The 26S rDNA D1/D2 domain of each highly fermentative yeast identified as described above in Section 2.2 were amplified by polymerase chain reactions (PCRs) using the forward primer NL-1 (5’-GCATATCAATAAGCGGAGGAAAAG-3’) and the reverse primer NL-4 (5’-GGTCCGTGTTTCAAGACGG-3’), and Premix Ex Taq (Takara Bio, Shiga, Japan). The PCR program was performed with an initial denaturation at 95˚C for 5 min, followed by 25 cycles of denaturation at 94˚C for 30 s, annealing at 56˚C for 30 s, extension at 72˚C for 1 min and final extension at 72˚C for 4 min in a TaKaRa PCR Thermal Cycler Dice. Sequences were analyzed using the BLAST function at the U.S. NCBI website (http://www.ncbi.nlm.nih.gov/blast). The D1/D2 domain sequences of the 26S rDNA genes in the yeasts were deposited in DDBJ.

2.4. Assay of Yeast Salinity Tolerance

We assessed the effect of salinity on the fermentative yeasts identified as described above in Section 2.3. The YPD liquid medium containing 5.0%, 10.0%, 15.0%, or 20.0% (w/v) NaCl was used in the fermentation experiments. Fermentation was carried out for 2 weeks at 25°C, and the fermentative yeasts were screened using the same method as that described in Section 2.2.

2.5. Assay of Ethanol Productivity by the Yeasts

We investigated the ethanol productivity of each of the identified yeasts. Each yeast strain was aerobically precultured with stirring at 120 rpm for 48 hrs at 25˚C in 10 mL of YPD liquid medium. The growing yeast was centrifuged at 3000 rpm for 5 min, and its precipitate was washed with saline. The centrifugation/washing procedure was conducted three times, and the cells were obtained. Then, 0.3 g of yeast pellet was anaerobically cultured for 20 hrs at 25˚C in 10 mL of YPD liquid medium with the use of an anaero Pack System (Mitsubishi Gas Chemical Co., Tokyo, Japan). The ethanol production of each yeast strain was determined by an Ethanol F-kit (Roche Diagnostics, Indianapolis, IN, USA).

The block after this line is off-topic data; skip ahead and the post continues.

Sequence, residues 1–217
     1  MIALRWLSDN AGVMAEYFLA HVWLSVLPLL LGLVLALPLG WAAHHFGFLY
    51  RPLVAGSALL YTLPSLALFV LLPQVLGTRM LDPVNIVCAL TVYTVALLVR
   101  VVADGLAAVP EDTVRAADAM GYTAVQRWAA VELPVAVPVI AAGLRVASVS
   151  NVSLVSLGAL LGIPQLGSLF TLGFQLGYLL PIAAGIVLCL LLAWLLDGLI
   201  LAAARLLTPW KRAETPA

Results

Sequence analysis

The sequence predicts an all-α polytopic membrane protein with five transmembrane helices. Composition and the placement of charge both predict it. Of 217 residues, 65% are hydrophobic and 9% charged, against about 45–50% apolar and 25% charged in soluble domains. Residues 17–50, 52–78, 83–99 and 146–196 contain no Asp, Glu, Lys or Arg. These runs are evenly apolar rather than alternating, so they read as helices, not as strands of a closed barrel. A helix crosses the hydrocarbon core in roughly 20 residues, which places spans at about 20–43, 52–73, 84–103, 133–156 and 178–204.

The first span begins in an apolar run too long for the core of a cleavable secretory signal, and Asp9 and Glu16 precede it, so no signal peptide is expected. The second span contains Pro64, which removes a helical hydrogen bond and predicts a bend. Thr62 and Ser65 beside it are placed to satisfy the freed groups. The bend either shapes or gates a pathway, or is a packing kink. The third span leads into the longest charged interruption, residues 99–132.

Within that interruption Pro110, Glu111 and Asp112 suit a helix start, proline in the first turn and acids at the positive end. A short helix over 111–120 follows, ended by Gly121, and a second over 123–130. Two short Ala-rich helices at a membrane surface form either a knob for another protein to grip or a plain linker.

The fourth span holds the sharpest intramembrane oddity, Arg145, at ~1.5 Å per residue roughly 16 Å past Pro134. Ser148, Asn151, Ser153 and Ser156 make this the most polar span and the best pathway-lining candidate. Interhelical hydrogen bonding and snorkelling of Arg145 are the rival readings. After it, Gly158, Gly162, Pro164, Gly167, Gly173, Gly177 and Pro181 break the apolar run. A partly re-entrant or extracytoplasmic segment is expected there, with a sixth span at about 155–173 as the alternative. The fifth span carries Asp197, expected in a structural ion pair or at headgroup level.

2.6. Assay of Sugar Consumption and Ethanol Productivity from Molasses by the Yeast

Molasses was purchased from Alishan Co. (Tokyo, Japan). We evaluated the sugar consumption and the ethanol productivity of each species’ representative yeast from diluted molasses. Representative strains were selected based on the results of the procedures described in Sections 2.4 and 2.5. Each yeast was aerobically precultured for 48 hrs at 25˚C, with stirring at 120 rpm in 10 mL of YPD liquid medium including 1.0 M glucose. The growing yeast was centrifuged at 3000 rpm for 5 min, and its precipitate was washed with saline. The centrifugation/washing procedure was conducted three times, and the cells were obtained. Then, 0.3 g of yeast pellet was anaerobically cultured for 48 hrs at 25˚C in 25% (w/v) diluted molasses with an anaero Pack System. The sugar consumption and ethanol production of the selected yeasts were determined with a Sucrose/D-glucose/D-Fructose F-kit (Roche Diagnostics) and Ethanol F-kit (Roche Diagnostics).

3. Results

3.1. The Isolation of Environmental Yeasts